How to remove winter’s grime

Now that we’re into the last weeks of winter, it’s time to make a plan of action for our vehicles because as tough as the winter may have been on us, just imagine what our cars and trucks have endured.

With all the road salt, sand and abrasives on the roads to aid in traction, your vehicle has had its share of abuse. Even when the temperatures have been relatively mild, melting snow has been sprayed onto your car by passing vehicles and the slushy mixture of salt and sand has affected the tires and undercarriage, getting into every nook and cranny and drying into a crusty mess.

It’ll take an effort to remove this build-up, but with three simple steps you can prevent premature damage to your investment on wheels and extend the life of your vehicle. The steps break down as follows: Clean, Lubricate and Prevent.

Cleaning your car – The first step is a pretty easy one – as easy as taking your car through an automatic car wash. But don’t be cheap and choose the “basic” wash. For an average $9, these really don’t do a thorough job of spraying under the car or the wheels. For only a dollar more you get a more thorough cleaning.

Better yet, take your car to a DIY high-pressure car wash, the type with individual washing bays. Now you can get that strong jet of water under the car, where the salt likes to hide.

Some hand car washes offer a post-winter special that includes a good quality waxing which will help keep your car looking its best.

Lubricating the movable parts – After a long winter of freezing temperatures, slushy salt water and now your thorough cleaning of the chassis, your car is in need of lubrication. Some of this you can easily do yourself with the appropriate oils available in spray cans. Don’t be shy to ask the sales person at the store to help you choose the correct products.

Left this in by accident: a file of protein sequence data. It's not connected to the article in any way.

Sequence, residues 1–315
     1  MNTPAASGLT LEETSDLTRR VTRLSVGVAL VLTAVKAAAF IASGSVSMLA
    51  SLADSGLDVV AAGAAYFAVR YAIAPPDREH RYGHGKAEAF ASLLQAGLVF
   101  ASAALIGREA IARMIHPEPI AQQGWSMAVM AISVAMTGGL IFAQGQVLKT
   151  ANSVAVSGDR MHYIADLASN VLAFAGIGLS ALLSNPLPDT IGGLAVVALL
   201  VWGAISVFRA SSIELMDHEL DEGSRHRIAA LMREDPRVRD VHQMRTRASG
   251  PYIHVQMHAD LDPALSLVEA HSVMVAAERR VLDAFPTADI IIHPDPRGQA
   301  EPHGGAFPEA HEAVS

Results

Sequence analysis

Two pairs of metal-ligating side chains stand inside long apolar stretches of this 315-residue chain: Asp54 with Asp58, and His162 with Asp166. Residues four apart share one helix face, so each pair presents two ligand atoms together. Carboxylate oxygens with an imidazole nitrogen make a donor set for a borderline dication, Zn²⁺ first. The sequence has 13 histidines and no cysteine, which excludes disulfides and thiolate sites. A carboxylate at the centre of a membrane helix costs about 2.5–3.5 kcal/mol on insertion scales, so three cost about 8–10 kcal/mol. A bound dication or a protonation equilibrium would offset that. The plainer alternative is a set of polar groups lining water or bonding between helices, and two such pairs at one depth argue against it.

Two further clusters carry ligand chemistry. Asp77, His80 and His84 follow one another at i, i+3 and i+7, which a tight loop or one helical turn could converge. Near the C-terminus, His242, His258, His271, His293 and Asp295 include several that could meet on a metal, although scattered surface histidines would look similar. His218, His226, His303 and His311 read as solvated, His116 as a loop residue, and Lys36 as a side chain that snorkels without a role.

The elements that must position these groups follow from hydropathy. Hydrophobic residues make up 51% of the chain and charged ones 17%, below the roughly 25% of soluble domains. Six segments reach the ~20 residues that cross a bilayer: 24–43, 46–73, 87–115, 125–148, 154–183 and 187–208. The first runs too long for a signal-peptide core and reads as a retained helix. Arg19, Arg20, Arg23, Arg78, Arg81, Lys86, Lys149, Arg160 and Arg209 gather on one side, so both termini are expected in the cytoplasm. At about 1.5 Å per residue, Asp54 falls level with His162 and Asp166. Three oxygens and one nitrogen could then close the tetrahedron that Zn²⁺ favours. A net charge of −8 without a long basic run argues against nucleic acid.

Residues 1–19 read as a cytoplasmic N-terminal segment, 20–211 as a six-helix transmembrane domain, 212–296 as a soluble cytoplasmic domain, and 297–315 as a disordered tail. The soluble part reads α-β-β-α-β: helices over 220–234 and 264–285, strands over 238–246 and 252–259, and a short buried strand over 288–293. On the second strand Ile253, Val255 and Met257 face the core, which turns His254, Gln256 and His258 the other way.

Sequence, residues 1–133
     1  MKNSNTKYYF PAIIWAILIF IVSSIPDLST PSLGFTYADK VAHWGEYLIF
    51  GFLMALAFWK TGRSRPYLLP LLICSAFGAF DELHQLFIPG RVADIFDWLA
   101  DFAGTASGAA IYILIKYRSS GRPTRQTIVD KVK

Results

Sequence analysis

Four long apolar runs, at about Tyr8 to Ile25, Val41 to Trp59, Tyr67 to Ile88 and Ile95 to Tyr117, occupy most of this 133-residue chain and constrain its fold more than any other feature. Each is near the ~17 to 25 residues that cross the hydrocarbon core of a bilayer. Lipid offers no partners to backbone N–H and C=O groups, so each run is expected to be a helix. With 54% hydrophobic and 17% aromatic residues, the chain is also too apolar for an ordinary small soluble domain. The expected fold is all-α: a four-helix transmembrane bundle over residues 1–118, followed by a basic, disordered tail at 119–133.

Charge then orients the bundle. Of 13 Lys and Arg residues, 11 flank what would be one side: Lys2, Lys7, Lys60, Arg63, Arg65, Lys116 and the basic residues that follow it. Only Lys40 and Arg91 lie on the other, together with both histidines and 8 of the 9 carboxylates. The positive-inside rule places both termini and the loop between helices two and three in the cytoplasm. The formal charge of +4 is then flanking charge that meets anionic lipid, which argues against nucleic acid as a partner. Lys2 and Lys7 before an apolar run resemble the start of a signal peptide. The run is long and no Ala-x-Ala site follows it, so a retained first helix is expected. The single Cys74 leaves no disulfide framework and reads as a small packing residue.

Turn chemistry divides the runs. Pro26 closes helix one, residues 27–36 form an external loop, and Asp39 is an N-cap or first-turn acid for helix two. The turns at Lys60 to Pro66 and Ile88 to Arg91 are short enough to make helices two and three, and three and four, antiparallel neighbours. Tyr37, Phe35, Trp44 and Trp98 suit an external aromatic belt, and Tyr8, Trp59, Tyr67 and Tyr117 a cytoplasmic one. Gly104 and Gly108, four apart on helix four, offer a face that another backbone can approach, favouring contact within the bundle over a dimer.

The simple rule is: “If it moves, lube it!” That means the door hinges, the hood hinges and latch, the trunk hinges and so on. You won’t harm anything with some oil.

The suspension also needs greasing but this is a task best left for a professional, unless you’re a well-equipped backyard mechanic with a secure method of lifting your vehicle. When in doubt, be safe and visit your local garage or drive-through lubrication specialist.

Taking preventive measures – Last but certainly not the least important is prevention. Keeping your car as clean as possible through the winter certainly helps, as does a good blast with the pressure washer in the spring, but in Canada’s extreme conditions, nothing beats rustproofing – whether it be by the manufacturer or an aftermarket service.

“Many people forget all about rustproofing until late autumn,” said Jean-Luc St-Onge of Antirouille Métropolitain. “They think it has to be sprayed on at the last moment, but our annual treatments are good for 15 months so you can get it done any time of the year and not wait in line.”

Have you noticed if your car’s headlights don’t shine down the road like they used to? Perhaps they’ve turned yellow and opaque? Antirouille Métropolitain now offers a headlight restoration service using 3M products to buff and polish those plastic headlight covers back to new.

“It’s not unusual to lose 50 per cent of your light with damage from the sun’s UV rays and the sandblasting of the salt and dirt,” StOnge explained.

While we’re on the subject of seeing clearly, St-Onge also described Antirouille Métropolitain’s new window treatment by PPG, the auto industry glass giant. Called Aquapel, this product was originally designed for the aviation industry.

When applied to the windshield of your vehicle, Aquapel improves your visibility by more than 34 per cent in rainy weather, day or night, by easily repelling droplets. This product also facilitates the removal of ice, snow, insects and mud, and greatly reduces glare from the sun and vehicle headlights or street lights at night.

Aquapel is also resistant and durable. It forms a chemical bond with glass, unlike other competitive products that simply coat the glass. Aquapel lasts for up to six times longer than other products. It is also resistant against cleaning products used for glass and even car washes. The treatment should be reapplied every four to six months for maximum effectiveness.

Now treat yourself to a fresh pair of windshield wiper blades. Just think how many times those wipers have gone back and forth across your windshield this winter, their edge getting worn with dirt and sand.

Once that edge is dull, the wipers’ effectiveness is compromised and they will begin to chatter and smear.

Cleaning, lubrication and pre-vention: the three-step plan for rewarding your vehicle after its faithful service during a long and dirty winter.

Photograph by: Brett Gundlock, National Post